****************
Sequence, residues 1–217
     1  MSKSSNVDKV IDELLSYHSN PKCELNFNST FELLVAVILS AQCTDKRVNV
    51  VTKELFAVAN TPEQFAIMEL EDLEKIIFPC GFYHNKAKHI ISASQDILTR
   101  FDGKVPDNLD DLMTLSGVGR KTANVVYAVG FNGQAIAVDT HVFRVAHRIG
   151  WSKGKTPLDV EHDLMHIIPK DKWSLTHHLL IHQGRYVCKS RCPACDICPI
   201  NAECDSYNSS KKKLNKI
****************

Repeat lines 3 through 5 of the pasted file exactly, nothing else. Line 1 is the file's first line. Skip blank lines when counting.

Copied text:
    51  VTKELFAVAN TPEQFAIMEL EDLEKIIFPC GFYHNKAKHI ISASQDILTR
   101  FDGKVPDNLD DLMTLSGVGR KTANVVYAVG FNGQAIAVDT HVFRVAHRIG
   151  WSKGKTPLDV EHDLMHIIPK DKWSLTHHLL IHQGRYVCKS RCPACDICPI